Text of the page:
Rated 3.5 of 5 stars
Amber Smith had me from the first chapter of this emotionally, heart tugging story. The story follows Eden “Edy” McCrory after she has been brutally sexually assaulted by her brother’s bestfriend at the tender age of 12 years old. Questioning herself, fearing for her safety, angry with her family or brother for not protecting her in her own home…she cocoons herself away. Hence, the title of the book. The tragedy that emerges is one that the reader will hate to live through. Eden becomes less of the sweet, innocent child and more of the wild, hateful, hurtful person no one thought she could be. Eden goes through many trials on her journey to find herself and her comfort level with what happened to her. She goes through self-blaming, self-medicating, isolation, suicidal thoughts and then finally she finds the strength to do what feels right, what really gives her strength.
Overall, the story was broken into each year of high school but technically, the story develops in three parts…beginning, middle and end. The beginning grabs the reader quickly and assures that you won’t want to put the book down until about the 100 page mark. The middle slows tremendously for the reader as Eden continues her struggles to find herself but also really mimics a normal teen with rebellious behavior. This continues until the 300 page mark with most readers growing tired of Eden’s rebelliousness and begs for her to deal with her issues head on or at least let someone in to bring another dimension to the story. This “letting someone in” doesn’t occur until the last 75 pages. Therefore, the ending seems to be comforting and triumphant but you almost feel like your holding your breath with the main character as she finally shares her story. The reader feels a great release and rush of emotion during this ending…you can’t help but feel the awkwardness and the hurt, the confusion that the Eden goes through.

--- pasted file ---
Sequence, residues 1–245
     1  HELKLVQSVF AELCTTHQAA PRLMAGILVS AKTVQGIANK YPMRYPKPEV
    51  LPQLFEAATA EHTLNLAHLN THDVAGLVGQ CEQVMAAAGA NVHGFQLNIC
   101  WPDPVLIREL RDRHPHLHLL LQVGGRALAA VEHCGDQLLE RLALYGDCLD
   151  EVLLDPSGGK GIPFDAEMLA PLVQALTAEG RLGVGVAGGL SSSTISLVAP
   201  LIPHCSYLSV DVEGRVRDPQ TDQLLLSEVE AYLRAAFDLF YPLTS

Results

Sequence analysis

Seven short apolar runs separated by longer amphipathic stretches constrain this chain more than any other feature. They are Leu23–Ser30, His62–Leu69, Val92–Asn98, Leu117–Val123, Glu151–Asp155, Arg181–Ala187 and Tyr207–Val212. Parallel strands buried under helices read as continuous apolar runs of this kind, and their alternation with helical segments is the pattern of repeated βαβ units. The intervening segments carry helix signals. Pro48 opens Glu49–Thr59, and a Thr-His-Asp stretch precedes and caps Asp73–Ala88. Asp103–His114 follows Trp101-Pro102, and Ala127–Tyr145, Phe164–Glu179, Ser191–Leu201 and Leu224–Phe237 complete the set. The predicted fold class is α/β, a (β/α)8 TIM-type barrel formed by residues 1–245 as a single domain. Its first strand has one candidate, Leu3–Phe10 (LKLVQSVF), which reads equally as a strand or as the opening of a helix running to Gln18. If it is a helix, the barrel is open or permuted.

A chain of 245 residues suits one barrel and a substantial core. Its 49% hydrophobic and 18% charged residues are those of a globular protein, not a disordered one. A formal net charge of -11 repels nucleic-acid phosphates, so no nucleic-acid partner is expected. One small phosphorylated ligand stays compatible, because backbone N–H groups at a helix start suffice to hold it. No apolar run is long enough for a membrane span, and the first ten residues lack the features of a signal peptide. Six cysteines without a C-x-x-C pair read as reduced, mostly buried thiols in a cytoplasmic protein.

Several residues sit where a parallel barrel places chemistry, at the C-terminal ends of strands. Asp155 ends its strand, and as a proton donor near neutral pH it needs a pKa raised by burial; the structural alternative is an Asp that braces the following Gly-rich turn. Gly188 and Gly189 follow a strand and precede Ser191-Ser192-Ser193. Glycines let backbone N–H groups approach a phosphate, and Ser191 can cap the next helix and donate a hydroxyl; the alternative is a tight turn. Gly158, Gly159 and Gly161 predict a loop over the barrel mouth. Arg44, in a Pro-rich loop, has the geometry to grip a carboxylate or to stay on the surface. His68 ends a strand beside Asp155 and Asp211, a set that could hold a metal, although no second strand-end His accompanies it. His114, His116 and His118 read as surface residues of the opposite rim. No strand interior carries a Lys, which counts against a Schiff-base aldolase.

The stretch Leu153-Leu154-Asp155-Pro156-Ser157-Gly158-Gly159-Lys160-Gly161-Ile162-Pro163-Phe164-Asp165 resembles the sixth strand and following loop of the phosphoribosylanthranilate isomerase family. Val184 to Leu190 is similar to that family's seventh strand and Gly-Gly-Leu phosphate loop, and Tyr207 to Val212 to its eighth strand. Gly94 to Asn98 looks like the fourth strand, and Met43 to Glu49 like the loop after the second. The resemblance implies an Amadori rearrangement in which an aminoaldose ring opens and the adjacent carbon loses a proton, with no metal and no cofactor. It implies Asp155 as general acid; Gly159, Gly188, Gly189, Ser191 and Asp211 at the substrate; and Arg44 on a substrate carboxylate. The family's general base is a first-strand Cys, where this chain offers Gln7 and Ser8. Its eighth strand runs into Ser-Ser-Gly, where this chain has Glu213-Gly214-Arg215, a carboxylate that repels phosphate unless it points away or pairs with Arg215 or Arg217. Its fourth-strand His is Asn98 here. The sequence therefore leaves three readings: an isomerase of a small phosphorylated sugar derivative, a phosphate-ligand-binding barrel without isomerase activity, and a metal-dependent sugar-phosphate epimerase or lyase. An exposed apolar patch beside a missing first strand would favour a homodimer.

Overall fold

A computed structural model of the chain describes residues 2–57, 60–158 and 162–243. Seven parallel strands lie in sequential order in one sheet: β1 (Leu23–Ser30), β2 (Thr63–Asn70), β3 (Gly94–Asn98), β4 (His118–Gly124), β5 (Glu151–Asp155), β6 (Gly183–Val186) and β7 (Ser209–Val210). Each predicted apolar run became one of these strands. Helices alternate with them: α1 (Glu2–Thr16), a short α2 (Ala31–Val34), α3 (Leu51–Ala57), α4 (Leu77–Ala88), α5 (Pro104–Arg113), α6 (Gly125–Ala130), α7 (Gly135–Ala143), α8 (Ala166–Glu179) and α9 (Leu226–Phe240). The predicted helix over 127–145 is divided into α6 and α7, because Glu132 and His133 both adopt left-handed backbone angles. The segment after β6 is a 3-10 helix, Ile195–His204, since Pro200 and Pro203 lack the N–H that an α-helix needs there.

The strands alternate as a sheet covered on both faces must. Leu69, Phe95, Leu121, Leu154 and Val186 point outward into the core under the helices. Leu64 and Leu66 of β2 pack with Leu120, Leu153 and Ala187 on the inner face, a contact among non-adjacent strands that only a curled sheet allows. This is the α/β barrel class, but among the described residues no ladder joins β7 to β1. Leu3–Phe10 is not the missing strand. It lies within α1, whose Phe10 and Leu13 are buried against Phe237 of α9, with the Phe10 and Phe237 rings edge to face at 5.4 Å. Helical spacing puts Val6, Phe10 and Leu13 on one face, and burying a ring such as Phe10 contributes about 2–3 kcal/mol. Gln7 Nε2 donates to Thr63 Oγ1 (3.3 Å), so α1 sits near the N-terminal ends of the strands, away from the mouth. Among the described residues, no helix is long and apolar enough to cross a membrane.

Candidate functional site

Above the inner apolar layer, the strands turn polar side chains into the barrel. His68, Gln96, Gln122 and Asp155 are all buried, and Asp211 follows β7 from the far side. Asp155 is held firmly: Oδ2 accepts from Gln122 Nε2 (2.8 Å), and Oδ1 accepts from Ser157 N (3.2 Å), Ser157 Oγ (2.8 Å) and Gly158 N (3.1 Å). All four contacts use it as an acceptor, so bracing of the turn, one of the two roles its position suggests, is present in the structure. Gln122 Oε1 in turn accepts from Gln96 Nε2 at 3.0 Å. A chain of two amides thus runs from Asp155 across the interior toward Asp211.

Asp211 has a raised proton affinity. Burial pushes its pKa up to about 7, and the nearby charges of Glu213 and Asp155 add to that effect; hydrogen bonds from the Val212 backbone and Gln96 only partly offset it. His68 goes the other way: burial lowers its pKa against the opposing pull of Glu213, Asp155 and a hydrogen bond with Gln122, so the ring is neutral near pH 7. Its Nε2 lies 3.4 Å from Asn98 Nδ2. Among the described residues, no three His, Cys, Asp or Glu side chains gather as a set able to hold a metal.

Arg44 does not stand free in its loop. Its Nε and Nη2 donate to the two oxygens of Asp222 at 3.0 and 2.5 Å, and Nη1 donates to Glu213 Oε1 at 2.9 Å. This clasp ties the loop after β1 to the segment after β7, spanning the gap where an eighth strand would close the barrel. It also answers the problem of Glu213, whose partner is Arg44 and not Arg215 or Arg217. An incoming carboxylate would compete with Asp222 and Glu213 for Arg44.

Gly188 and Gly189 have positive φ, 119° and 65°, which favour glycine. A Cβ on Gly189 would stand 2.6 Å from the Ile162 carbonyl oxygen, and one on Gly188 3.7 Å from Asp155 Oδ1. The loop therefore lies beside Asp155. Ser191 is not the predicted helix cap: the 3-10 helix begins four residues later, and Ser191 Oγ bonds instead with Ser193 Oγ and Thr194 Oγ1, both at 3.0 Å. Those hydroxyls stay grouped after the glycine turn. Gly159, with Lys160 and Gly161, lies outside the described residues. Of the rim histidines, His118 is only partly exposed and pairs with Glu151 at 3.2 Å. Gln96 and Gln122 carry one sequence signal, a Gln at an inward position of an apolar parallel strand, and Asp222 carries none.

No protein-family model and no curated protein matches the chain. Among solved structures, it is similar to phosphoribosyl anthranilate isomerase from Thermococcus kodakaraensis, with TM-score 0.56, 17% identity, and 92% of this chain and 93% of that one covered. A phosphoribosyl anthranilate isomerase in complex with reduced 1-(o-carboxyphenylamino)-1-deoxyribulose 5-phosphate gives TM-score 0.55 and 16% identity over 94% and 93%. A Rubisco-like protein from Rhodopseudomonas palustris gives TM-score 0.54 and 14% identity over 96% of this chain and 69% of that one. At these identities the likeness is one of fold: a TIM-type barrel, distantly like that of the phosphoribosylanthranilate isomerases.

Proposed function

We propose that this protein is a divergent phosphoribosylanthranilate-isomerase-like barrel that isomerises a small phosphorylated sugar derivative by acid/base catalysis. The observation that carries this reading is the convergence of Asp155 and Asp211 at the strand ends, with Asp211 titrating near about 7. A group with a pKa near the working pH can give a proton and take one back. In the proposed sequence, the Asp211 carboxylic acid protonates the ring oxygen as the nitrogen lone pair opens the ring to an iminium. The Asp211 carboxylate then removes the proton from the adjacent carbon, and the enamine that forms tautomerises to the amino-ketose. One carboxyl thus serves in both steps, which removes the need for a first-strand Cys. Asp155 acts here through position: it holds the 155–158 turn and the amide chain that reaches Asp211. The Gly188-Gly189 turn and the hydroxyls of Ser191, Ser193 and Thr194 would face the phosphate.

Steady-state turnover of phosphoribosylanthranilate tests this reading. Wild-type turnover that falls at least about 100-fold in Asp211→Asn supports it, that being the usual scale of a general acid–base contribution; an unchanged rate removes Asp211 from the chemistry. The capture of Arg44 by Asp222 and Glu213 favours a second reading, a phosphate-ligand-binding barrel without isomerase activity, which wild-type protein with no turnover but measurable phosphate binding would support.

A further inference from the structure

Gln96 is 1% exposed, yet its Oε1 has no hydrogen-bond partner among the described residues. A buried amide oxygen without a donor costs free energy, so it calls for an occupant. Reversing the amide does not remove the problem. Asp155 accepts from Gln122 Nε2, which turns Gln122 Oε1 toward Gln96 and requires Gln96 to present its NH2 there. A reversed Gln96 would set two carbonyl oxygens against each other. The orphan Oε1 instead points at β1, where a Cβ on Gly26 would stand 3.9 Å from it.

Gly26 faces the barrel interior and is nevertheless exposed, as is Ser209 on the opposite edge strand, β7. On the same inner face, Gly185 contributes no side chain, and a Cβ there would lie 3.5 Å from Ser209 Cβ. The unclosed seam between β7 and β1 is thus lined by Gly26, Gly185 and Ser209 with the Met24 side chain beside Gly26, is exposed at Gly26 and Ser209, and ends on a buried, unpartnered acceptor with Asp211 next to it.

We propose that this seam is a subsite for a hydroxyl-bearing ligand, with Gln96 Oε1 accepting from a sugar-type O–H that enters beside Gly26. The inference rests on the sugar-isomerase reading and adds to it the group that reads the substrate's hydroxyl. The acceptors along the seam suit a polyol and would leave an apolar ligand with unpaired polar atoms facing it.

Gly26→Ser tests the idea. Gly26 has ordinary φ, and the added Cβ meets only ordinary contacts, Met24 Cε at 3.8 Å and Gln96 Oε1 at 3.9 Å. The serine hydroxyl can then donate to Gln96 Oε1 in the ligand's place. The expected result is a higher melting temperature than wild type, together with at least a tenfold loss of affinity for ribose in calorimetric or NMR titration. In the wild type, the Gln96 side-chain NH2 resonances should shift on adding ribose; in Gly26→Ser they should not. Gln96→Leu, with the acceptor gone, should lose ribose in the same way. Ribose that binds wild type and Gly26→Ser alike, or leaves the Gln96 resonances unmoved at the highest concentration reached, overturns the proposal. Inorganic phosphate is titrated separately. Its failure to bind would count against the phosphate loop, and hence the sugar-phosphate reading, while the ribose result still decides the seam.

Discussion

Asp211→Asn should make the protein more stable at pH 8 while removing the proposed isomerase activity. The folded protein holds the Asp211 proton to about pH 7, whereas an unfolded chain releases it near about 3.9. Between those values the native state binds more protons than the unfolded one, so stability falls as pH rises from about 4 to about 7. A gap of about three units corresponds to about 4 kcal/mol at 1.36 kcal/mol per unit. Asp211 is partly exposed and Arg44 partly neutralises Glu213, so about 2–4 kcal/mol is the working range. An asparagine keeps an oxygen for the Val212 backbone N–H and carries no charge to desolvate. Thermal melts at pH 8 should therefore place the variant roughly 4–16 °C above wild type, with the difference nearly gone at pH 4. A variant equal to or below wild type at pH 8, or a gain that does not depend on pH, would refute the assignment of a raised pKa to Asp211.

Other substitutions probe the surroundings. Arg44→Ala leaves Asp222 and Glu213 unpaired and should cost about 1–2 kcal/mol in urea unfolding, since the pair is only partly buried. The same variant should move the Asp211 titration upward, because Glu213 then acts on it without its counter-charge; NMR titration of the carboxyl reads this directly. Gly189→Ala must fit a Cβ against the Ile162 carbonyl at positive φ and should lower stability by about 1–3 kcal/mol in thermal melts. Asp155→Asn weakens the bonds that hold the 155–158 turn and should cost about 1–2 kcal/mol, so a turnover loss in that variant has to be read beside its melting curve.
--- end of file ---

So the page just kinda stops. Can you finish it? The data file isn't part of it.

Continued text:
While the story brought the emotional upheaval I was seeking…it struggled in some areas. The terms “sorry” and “weird” are used in overabundance. Also, the story follows teenage relationships and well, the dialogue was very “teenage” like but for an adult reader it grated my nerves that no one finished a sentence nor could they express any real emotion other than saying “are you mad?” and “sorry” continuously. So that was a definite error on the writers behalf. We want to feel like we understand the characters mental and emotional state but we don’t want to be put off by the dialogue and never get the real emotions the characters are actually feeling (we only guessed). This is especially important for Eden since she is the character that we want to really know inside and out. Her telling herself she doesn’t know how she feels or what she thinks is kind of off putting and a waste of valuable moments to portray something pertinent to the readers about her evolution. Anyway, the book overall is pretty solid and I’d recommend it for teenage readers to open discussion about sexual assault.
Raging Book Reviews Recommended
*Have you read this book? If so, what were your thoughts on Eden and Josh’s ending?